The NHL season on the ice is over and done with, but the action is still coming fast and furiously for the soon-to-be 32 hockey clubs around the National Hockey League, including the Boston Bruins. The NHL Expansion Draft is immediately forthcoming for the Seattle Kraken and the NHL Draft is set for this weekend with NHL free agency to follow next week.
It honestly feels as if everything is happening all at once in terms of the NHL offseason, even more than normally so, and the Bruins are right in the middle of it with over $20 million in salary cap space and several prominent free agents coming up for contracts. Will they be in the mix for some of the big name transactions anticipated at the expansion draft like Vladimir Tarasenko, or ready to hit the trade and free agent market when names like Connor Garland and Ryan Suter get settled over the next couple of weeks?
As always there are high expectations for what the Boston Bruins can pull off this offseason, but it all starts in the coming days with pushing to re-sign their own free agents David Krejci and Taylor Hall before making alternate plans. What happens beyond that will be built off getting certainty with the players very much still in Boston’s plans for next season and beyond, but there are still many moving parts with the Bruins this offseason.
So, let’s answer some of those questions in a new edition of the Hagg Bag mailbag. As always, these are real Boston Bruins, NHL and Marvel Cinematic Universe questions from real Bruins fans sent to my twitter account using the #HaggBag hash tag, and messages sent to my Facebook fan page.
Now let’s crack open the bag:
What are the odds that a Loki variant gets dropped into the main MCU timeline?
Also, any guess as to maybe who the Bs get for a couple D-men? Hopefully a bruiser and a puck mover. Thanks Joe.
–Eric Urbon (via Facebook fan page)
JH: I would love for Classic Loki to have been dropped into the MCU timeline, but something tells me we will see Kid Loki at some point in the future. It feels like the wheels are already in motion for a Young Avengers group down the line, so that would make sense if that’s the ultimate plan 5-10 years from now in the MCU’s next phase.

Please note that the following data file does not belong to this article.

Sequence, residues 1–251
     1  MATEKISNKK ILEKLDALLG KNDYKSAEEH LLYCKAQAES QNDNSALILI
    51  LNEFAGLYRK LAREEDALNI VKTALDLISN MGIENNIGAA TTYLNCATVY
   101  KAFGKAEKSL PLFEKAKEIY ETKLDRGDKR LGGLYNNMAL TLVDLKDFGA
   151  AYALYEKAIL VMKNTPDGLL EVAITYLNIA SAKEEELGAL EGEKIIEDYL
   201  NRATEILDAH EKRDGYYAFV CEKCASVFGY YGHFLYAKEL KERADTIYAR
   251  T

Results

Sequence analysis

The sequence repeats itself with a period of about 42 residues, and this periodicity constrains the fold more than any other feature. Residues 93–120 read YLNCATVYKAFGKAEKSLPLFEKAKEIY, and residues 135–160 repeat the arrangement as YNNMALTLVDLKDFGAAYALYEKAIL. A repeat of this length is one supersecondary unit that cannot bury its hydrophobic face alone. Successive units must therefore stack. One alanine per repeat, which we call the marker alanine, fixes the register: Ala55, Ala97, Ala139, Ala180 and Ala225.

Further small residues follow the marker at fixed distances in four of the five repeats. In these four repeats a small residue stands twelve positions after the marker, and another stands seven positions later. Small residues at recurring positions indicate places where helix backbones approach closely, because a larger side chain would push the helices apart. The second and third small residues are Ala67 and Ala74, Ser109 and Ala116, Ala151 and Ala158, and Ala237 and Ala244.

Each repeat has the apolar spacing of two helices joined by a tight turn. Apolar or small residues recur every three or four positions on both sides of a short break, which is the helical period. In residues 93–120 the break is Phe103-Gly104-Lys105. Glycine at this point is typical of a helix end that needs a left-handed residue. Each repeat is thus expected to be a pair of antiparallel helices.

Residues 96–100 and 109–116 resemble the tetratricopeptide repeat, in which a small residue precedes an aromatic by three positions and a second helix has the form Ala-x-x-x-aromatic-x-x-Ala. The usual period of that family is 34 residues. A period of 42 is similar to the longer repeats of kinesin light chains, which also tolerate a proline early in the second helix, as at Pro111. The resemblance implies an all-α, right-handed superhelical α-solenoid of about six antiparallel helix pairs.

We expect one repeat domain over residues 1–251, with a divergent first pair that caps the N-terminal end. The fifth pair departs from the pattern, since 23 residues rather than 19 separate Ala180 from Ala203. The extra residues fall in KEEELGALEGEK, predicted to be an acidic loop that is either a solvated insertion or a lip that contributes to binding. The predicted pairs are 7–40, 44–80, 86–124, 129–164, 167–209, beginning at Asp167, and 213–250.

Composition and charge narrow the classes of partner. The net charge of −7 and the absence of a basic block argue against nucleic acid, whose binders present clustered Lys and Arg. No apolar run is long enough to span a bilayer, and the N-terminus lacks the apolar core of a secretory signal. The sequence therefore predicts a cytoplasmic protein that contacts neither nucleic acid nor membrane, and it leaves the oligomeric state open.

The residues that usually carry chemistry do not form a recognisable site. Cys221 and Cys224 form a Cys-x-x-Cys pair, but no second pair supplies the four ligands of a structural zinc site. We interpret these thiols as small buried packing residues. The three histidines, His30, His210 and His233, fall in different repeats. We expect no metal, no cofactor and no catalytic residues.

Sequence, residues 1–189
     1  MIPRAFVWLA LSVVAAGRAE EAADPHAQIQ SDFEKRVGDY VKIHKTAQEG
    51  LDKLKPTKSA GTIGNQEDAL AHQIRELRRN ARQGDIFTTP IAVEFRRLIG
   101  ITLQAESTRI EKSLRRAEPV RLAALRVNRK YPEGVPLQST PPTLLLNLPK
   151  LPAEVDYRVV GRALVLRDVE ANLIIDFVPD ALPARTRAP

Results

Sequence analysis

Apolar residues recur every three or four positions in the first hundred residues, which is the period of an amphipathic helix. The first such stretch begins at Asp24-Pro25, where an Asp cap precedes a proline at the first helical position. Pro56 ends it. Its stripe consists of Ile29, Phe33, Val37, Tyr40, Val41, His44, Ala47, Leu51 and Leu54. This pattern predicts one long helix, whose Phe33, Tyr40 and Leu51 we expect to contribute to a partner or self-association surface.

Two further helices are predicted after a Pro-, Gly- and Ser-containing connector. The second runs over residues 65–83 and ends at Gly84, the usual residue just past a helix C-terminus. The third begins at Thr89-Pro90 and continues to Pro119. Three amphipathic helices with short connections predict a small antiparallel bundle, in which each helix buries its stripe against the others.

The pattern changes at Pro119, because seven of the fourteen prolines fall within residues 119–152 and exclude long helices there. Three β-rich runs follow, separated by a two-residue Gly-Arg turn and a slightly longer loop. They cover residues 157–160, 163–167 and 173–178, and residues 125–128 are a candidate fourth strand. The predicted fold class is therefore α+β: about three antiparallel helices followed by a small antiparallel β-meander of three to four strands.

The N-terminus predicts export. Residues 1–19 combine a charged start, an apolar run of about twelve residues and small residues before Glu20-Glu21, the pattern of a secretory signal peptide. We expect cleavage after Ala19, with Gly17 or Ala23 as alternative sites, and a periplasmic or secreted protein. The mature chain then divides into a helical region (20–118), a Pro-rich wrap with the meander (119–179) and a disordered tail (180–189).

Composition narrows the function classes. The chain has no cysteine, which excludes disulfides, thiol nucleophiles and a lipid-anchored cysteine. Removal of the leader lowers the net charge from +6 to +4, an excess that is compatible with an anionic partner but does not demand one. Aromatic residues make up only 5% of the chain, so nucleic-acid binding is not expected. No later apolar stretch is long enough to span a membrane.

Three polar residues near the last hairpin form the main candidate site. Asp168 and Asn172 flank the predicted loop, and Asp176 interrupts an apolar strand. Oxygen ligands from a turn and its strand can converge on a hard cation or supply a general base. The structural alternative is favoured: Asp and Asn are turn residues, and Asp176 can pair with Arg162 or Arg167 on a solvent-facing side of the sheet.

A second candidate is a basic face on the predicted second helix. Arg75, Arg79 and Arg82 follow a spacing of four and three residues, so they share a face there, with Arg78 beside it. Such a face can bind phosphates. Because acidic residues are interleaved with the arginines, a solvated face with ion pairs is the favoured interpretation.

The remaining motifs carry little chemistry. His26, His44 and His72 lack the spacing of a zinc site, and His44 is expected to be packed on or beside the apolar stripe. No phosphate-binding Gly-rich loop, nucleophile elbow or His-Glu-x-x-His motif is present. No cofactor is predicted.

Who knows? Maybe Tom Hiddleston manages to get his Loki back into the MCU in some way, shape or form. After all part of the Loki character is survival and Hiddleston seems willing and enthusiastic about playing this character for as long as possible.
As far as the defensemen picture goes for the Boston Bruins, Ryan Suter would be the perfect fit as a possible top pair partner with Charlie McAvoy that can skate, defense and still play in all situations while playing big minutes. Sure, he’s 36 years old but he seems like he’s got something left in the tank that Zdeno Chara kind of didn’t in his last few seasons with the Bruins.
But I also get the sense that Suter isn’t really an East Coast guy and that playing for St. Louis or Colorado is going to be more appealing to him and his family. Beyond him, I think Jamie Oleksiak would have been a good candidate to be the bruiser-type that the Bruins need at this point with Kevan Miller now out of the picture. He’s not a brawler by any means, but he’s 6-foot-7, 255 pounds and he dropped the gloves with Pat Maroon, Kyle Clifford and Nic Deslauriers among others last season.
So, he’s not afraid to step up when the bell rings and he played a career-high 20:29 of ice time per game last season for the Stars, which was a significant uptick from his past seasons with Dallas and Pittsburgh. Unfortunately, it sounds like Seattle is going to deep into free agency early and take Oleksiak off the board.
What do we get first? -Mephisto -Kang -a top 4 LH D-man -an actual NHL offer sheet
–Tim Morrison (@TJ_TMorrison23)
JH: I think we all know the answer is Kang even if “technically” that might have been Immortus that we got in the final episode of Loki. That opens the way for variants of Kang throughout Phase 4 of the MCU, which is pretty cool. Actual offer sheets for NHL defensemen, or anybody for that matter, are less based in reality than He Who Remains.
I’m assuming we will see some evidence of Mephisto in the Dr. Strange sequel, but who knows at this point? Maybe some of the breadcrumbs along the way will eventually lead that way, but it’s hard to tell at this point.
Obviously, they should be interested, but do you think it’s realistic that the Boston Bruins to make a strong push for Conor Garland? #HaggBag
–Jack Tweeddale (@jack_tweeddale)
JH: Yes, I think it’s realistic. So much depends on what happens with Taylor Hall and David Krejci and who gets selected in the expansion draft, but Garland checks many of the boxes for the Bruins even if he isn’t the biggest NHL body around along the walls.